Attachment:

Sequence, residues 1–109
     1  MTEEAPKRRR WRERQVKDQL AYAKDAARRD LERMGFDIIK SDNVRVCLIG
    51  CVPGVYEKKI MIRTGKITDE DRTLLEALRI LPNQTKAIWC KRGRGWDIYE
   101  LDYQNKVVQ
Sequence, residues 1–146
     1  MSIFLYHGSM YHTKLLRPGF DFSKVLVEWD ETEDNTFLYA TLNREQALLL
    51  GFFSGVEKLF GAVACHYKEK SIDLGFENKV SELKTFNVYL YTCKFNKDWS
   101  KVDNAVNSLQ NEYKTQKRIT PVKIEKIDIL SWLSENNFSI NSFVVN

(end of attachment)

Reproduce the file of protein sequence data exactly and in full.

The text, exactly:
Sequence, residues 1–109
     1  MTEEAPKRRR WRERQVKDQL AYAKDAARRD LERMGFDIIK SDNVRVCLIG
    51  CVPGVYEKKI MIRTGKITDE DRTLLEALRI LPNQTKAIWC KRGRGWDIYE
   101  LDYQNKVVQ
Sequence, residues 1–146
     1  MSIFLYHGSM YHTKLLRPGF DFSKVLVEWD ETEDNTFLYA TLNREQALLL
    51  GFFSGVEKLF GAVACHYKEK SIDLGFENKV SELKTFNVYL YTCKFNKDWS
   101  KVDNAVNSLQ NEYKTQKRIT PVKIEKIDIL SWLSENNFSI NSFVVN